4.1. Performance and Future Work
The open source nutating mixer is designed to perform the basic gentle 3-dimensional nutating rotation in both CW and CCW directions. The mixing provided by the nutating mixer is thorough yet gentle mixing that prevents foaming. This functionality is enough for most basic mixing needs, such as mixing blood samples or biological DNA samples. Both the speed and the tilt angle of the open source nutating mixer are fixed to provide appropriate agitation for mixing samples in small containers. However, some laboratories may want other tilt angles, as discussed above, or may need the ability to vary the speed of mixing. This open source system can be modified to a variable speed adjustable mixer in the future by adding a potentiometer to the circuit. In this case, a 45 or higher RPM motor can be used, and the potentiometer can adjust the speed from 0 RPM to 45 RPM according to the requirements of the experiments. This modification would have only a modest additional cost associated with the cost of the motor (<US$
20, which would substitute for the as-designed motor) and potentiometer (US$
2). To go further, it is possible to add an Arduino and LCD display to adjust the time and the speed of rotation, which would again increase costs further (e.g., US$
10 display and $
20 microcontroller or less if using the ATmega168 microcontroller with a custom PCB fabricated with an open source mill [45
]) and provide functionality well beyond what is currently commercially available. In addition, as the mixer as designed can operate with up to 3 kg of load. This is well above what would be expected of a fully loaded sample platform. Thus, the platform can be redesigned to hold multiple mats in a vertical stack simultaneously to mix more samples using the same instrument. The nutating mixer can already be used in cold rooms, but for use in incubators, a high-temperature 3-D printed polymer can be substituted for the PLA used here. As these potential future upgrades make clear one of the major advantages of open source 3-D printed scientific equipment, is that users can customize the equipment to meet their needs with minimal additional costs.
4.2. Cost Analysis
The overall cost of the 3-D printed and purchased equipment based on the BOM in shown in Table 1
and Table 2
37, which can be compared to other nutating mixers commercially available on the market, as summarized in Table 3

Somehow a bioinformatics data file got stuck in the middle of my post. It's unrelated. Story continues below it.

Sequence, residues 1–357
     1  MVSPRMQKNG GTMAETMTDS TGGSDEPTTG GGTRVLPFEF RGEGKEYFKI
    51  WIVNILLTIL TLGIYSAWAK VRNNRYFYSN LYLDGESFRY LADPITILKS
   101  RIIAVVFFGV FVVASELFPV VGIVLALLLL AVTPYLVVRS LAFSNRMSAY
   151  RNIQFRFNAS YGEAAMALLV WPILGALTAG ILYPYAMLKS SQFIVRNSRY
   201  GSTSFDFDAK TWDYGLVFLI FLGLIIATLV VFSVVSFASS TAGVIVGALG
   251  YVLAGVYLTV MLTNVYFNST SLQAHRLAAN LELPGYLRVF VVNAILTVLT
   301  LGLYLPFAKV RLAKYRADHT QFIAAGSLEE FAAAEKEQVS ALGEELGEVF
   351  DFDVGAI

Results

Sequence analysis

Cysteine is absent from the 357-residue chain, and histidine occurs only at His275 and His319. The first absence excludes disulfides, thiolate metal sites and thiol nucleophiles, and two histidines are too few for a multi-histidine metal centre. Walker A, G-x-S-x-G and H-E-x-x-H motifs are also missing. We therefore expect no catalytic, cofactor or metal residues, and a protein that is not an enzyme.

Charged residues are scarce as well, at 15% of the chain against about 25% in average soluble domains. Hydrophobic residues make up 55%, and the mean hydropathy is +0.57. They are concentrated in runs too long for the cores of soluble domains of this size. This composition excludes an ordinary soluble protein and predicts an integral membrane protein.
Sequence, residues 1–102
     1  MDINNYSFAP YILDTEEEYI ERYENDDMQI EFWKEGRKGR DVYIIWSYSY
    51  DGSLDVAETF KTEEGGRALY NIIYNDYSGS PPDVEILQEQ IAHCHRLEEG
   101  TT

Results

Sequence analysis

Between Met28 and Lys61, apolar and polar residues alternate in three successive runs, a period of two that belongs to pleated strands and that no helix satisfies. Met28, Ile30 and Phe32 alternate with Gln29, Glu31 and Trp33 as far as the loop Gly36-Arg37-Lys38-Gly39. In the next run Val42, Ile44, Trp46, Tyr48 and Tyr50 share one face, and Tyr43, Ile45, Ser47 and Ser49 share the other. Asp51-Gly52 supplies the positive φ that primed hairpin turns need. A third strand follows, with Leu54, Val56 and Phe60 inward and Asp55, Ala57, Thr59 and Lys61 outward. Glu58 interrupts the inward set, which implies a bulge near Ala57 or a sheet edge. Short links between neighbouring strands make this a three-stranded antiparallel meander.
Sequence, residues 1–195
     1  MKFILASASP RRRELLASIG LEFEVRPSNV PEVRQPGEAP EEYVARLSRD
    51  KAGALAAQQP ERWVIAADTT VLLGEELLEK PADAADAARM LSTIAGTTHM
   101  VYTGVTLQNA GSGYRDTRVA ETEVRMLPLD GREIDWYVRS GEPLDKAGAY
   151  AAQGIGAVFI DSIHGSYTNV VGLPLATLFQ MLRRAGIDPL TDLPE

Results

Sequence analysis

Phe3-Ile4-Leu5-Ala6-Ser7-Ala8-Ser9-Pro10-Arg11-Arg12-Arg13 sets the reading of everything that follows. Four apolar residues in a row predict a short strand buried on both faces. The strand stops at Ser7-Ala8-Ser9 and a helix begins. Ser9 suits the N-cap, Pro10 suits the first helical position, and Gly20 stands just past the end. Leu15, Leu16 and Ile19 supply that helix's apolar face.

. The closest available commercial products on both instrument suppliers’ websites and Amazon cost on average US$
373, which is 10 times the cost of the open source nutating mixer, thus saving 90% of the commercial cost. These cost savings are in agreement with the savings observed in other scientific tools in past studies [6
]. Finally, a point should be made about the range in costs of the commercial systems shown in Table 3
. The most expensive system also included variable speed, which are not included in the lowest cost models. As noted above, this functionality could be added to the open source system, while maintaining the same cost advantage in percent for the materials costs.
These cost savings, however, assume that there is no labor cost for the purchasing of components, 3-D printing, and assembly. Zero labor costs are relevant in the following situations: (1) where the 3-D printing and the assembly of the device is used as a learning tool in order to provide students with experience in the construction of scientific equipment or open hardware [57
]; (2) where the labor is provided by unpaid interns or volunteers (e.g., undergraduates volunteering for research to gain experience and improve their resume/CVs); or, (3) where there is no opportunity cost to using existing salaried employee (e.g., the use of a lab manager or RA, TA, or other position that is paid a fixed cost, and for which there is no opportunity cost for them working on the fabrication of the device.
In general, in academic institutions these conditions can be readily met in most labs. In the labs, however, where this is not the case (e.g., industrial labs) it is instructive to look at the potential cost of labor for the fabrication of the open source desktop nutating mixer. The labor involved is represented by three tasks: (1) purchasing the six primary components, as outlined in Table 2
; (2) 3-D printing the seven 3-D printed parts listed in Table 1